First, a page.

- Intense high caused whenever the drug enters the bloodstream.
- Sudden mood swings.
- Reduced reaction time i.e. The time required to take action.
- Severe headaches, vomiting, and nausea.
The long-term side effects caused by painkiller abuse are more serious. They include-
- Liver and kidney failure.
- Lower resistance to diseases
- Stomach problems
- Weak heart with sudden chest pain.
- Impaired mental function.
- Asthmatic problems.
Other than the above-mentioned side effects, painkiller abuse causes emotional, psychological and mental grief for the family members of the addicted person.
If you or your family is dealing with a painkiller abuse contact a painkiller addiction treatment center today.
Long & short term addiction treatment facilities for prescription painkillers
Prescription painkillers are generally recommended by doctors and physicians for mild to severe pain.
Since these medicines are frequently used, buying these medicines isn’t very difficult.
Some stores even dole out prescription painkillers without checking that the prescription they are filling is valid or not.
Thus addiction to these prescription painkillers can happen fast and is generally very common.
The good news is throughout the country that is several professional painkiller addiction rehab facilities help people take back their life.
According to a report put forward by NIDA in 2013, out of 22.7 million Americans who needed help, only 2.5 million people came forward and asked for help.
Those dealing with this type of drug abuse and addiction should take this seriously and seek help.
Painkiller addiction treatment centers offer in-patient and outpatient services to tackle the problem of painkiller addiction.
In Inpatient rehab or detox, the addicted person is handled with the utmost care.
The program takes place at the patient’s home if there is mild addiction, or separate rooms are provided in the addiction treatment center for strongly addicted people.
The family plays a big role in this type of treatment and traits like trust and affection are rebuilt between the patient and the family.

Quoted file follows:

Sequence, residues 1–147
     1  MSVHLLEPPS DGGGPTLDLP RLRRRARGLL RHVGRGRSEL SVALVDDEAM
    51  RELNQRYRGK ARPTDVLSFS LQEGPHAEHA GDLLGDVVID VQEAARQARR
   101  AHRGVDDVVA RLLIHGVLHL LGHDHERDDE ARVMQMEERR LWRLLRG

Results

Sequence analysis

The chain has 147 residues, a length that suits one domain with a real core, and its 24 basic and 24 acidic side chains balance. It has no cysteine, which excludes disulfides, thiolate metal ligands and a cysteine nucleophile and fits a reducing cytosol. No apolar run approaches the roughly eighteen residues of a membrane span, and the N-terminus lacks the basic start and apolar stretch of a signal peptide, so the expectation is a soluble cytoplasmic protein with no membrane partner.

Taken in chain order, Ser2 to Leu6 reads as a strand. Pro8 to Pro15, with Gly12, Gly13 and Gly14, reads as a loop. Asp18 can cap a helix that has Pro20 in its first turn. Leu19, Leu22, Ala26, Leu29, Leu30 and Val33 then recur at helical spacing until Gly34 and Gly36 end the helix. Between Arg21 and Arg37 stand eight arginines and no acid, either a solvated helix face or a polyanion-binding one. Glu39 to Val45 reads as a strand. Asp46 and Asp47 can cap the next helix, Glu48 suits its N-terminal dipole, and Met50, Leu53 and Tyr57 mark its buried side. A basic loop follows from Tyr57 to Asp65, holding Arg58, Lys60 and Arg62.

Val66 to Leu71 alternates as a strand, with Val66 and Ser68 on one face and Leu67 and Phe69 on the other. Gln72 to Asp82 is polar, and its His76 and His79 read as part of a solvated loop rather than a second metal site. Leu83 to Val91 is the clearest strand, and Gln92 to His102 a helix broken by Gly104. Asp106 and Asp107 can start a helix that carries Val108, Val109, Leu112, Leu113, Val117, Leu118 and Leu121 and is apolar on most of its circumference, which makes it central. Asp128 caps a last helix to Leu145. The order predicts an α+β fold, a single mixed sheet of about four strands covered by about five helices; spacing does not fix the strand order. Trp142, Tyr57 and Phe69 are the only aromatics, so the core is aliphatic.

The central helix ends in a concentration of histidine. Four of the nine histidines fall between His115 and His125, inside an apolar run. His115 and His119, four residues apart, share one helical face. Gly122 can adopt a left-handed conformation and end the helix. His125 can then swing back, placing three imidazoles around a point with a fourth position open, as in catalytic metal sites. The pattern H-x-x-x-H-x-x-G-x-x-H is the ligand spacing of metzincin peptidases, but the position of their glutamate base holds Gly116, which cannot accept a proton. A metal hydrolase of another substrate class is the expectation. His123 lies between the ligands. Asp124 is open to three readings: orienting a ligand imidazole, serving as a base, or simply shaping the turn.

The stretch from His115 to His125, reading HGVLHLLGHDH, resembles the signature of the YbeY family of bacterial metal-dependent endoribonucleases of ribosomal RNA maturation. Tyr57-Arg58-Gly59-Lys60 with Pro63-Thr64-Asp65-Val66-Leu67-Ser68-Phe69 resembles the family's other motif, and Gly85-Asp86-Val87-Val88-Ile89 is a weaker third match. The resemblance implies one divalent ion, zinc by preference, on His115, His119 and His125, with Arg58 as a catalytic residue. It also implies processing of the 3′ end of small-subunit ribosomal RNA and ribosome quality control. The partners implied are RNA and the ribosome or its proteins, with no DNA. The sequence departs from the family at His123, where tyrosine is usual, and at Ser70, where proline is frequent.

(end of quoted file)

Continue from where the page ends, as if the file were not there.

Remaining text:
Outpatient rehab is generally for people who have a strong sense of justice and have a strong will to overcome their addiction to painkillers.
Instead of being an in-house member of the treatment facility for pain killer addiction, they opt to consult a physician or doctor by themselves at certain fixed times.
Following are the few ways these facilities help addicted people-
- Biofeedback – This is a very important first step before starting the actual detox or rehab program. This therapy is used to identify how the person’s body responds to external stimuli, even after being addicted to a certain drug.
- Meditation – This is used as a tool to calm the person’s mind and slowly take him away from the addiction.
- Art, Self-love, and Music therapies – These types of therapies are used to divert the patient’s mind from the addiction, helping them to get over it.
- Yoga, beach and nature walk – These walks have a soothing effect on the mind and help to slowly and gradually cleanse the body of the addiction
- Family therapy – In this type of therapy, the patient is asked to spend time with the family and given certain specific tasks to complete which helps them to regain courage and trust.
- Trauma resolution – In some cases, addiction happens because of a certain mental trauma that the patient suffers through. This is a specialized therapy that helps them to get over their trauma.
- Relapse therapy
- Group therapies
Painkiller detox and withdrawal symptoms
Many painkiller rehab facility offers detox programs first before the main rehab begins.
During a drug detox program, people usually go through withdrawal symptoms which can be dangerous.
This is why going to professional and medical detox is very important so they can manage the withdrawal.
The detox programs for painkiller treatment can be either medicated or non-medicated.
In medicated detox, the patient generally uses other medicines to ease the painkiller addiction, while in non-medicated detox the process is completed by gradually decreasing the dosage of the painkiller used or just going “cold turkey”